By 348 votes to 274 with 36 abstentions, the European Parliament plenary approved the new copyright rules, which include safeguards for freedom of expression, will allow news creators and publishers to negotiate fair compensation with Google News, Facebook
This concludes the legislative process that started in Strasbourg in 2016. The rule now passes to the Council of EU Ministers, that is, the Member States, who will have to approve Parliament’s decision in the coming weeks. Like any directive, it will enter into force after transposition by Member States within two years after publication in the EU Official Journal.
As an official note from the European Parliament states, the Directive aims to ensure that long-standing copyright rights and obligations apply also online and also undertakes to ensure that the Internet remains an area of free expression.
The Directive aims to increase the possibilities of rightholders, in particular musicians, artists, performers and writers (creatives) of news publishers, to negotiate better agreements on remuneration derived from the use of their works on Internet platforms.
Internet platforms will be directly responsible for the content uploaded to their website, automatically giving news publishers the right to negotiate agreements on behalf of journalists on information used by news brokers.
Copyright and freedom of expression
Many provisions of the legislation are specifically designed to ensure that the Internet remains an area of freedom of expression.
Since sharing fragments of current articles is expressly excluded from the scope of the Directive, it can continue exactly as before.
However, the Directive also contains provisions to prevent news brokers from abuse.
The snippets can then continue to appear in a Google News feed, or when an article is shared on Facebook, provided it is \\’very short \\\\\\\\\\\\\\\\\\\\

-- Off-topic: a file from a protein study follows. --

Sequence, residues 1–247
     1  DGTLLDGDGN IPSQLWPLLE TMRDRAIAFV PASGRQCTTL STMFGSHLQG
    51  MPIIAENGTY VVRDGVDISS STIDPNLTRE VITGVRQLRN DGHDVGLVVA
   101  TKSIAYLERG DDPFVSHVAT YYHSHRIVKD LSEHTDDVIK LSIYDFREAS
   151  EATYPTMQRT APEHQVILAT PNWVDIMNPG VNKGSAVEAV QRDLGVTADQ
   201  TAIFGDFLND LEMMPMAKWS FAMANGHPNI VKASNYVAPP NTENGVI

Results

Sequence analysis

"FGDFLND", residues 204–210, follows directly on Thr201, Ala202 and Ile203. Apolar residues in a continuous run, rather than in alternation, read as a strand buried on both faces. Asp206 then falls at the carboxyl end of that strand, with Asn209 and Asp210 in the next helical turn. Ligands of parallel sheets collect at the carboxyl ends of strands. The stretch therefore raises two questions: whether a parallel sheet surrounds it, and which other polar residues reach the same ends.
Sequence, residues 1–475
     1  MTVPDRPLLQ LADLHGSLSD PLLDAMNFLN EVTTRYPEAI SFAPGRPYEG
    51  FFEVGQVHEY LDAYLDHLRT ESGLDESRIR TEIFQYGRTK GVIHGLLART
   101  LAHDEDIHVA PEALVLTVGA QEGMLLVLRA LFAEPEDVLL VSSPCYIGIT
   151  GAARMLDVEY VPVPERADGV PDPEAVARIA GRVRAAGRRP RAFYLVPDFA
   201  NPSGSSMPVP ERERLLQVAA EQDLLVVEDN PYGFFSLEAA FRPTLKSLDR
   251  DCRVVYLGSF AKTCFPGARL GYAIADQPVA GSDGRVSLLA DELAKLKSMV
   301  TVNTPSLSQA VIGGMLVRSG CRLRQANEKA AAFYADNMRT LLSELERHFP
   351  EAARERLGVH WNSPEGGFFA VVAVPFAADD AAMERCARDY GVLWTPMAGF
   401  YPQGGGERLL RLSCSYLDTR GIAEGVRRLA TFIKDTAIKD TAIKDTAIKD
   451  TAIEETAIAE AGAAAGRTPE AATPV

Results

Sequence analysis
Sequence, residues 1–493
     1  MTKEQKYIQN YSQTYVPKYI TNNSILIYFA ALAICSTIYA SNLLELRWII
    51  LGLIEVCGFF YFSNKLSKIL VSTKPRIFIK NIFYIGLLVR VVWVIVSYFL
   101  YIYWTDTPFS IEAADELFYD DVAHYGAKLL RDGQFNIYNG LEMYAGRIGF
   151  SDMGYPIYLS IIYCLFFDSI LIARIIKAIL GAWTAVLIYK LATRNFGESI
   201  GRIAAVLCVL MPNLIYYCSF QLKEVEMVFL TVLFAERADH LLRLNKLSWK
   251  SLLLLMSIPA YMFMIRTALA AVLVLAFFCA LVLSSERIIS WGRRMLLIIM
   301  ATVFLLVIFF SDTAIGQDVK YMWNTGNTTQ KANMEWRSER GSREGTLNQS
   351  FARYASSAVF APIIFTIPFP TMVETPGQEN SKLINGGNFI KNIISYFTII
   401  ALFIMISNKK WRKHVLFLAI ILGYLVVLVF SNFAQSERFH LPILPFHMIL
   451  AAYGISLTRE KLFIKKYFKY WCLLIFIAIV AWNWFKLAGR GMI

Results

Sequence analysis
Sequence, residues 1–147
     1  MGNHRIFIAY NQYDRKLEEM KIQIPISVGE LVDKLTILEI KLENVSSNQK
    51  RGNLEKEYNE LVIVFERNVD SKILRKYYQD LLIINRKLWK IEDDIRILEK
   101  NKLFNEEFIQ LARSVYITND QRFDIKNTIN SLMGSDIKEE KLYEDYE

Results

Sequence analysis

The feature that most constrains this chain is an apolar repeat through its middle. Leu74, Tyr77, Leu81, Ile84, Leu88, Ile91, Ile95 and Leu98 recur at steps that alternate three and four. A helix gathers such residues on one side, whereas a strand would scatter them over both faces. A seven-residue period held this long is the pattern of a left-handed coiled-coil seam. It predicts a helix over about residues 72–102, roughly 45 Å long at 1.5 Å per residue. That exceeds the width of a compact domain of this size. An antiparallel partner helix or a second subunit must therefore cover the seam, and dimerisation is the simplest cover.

The loading of protected works for quotes, criticism, reviews, caricatures, parodies or pastiche has been protected even more than before, ensuring that meme and GIF continue to be available and shared on online platforms.
Online platforms not covered by the Directive
The text also specifies that loading works on online encyclopedias in a non-commercial way such as Wikipedia, or on open source software platforms such as GitHub, will be automatically excluded from the scope of the Directive. Newly established platforms (start-up) will be subject to lighter obligations than those more consolidated.
Authors, artists, performers or performers may request additional remuneration from the platforms for the exploitation of their rights if the originally agreed remuneration is disproportionately low compared to the resulting benefits for distributors.
The agreement aims to facilitate the use of copyrighted material for research based on the extraction of texts and data, thus eliminating an important competitive disadvantage that European researchers are currently facing.
It is also established that copyright restrictions will not apply to content used for teaching and scientific research.
Finally, the Directive will allow the free use of copyrighted material to preserve cultural heritage. Works which are not commercial may be used when there is no collective management organisation which may issue a licence.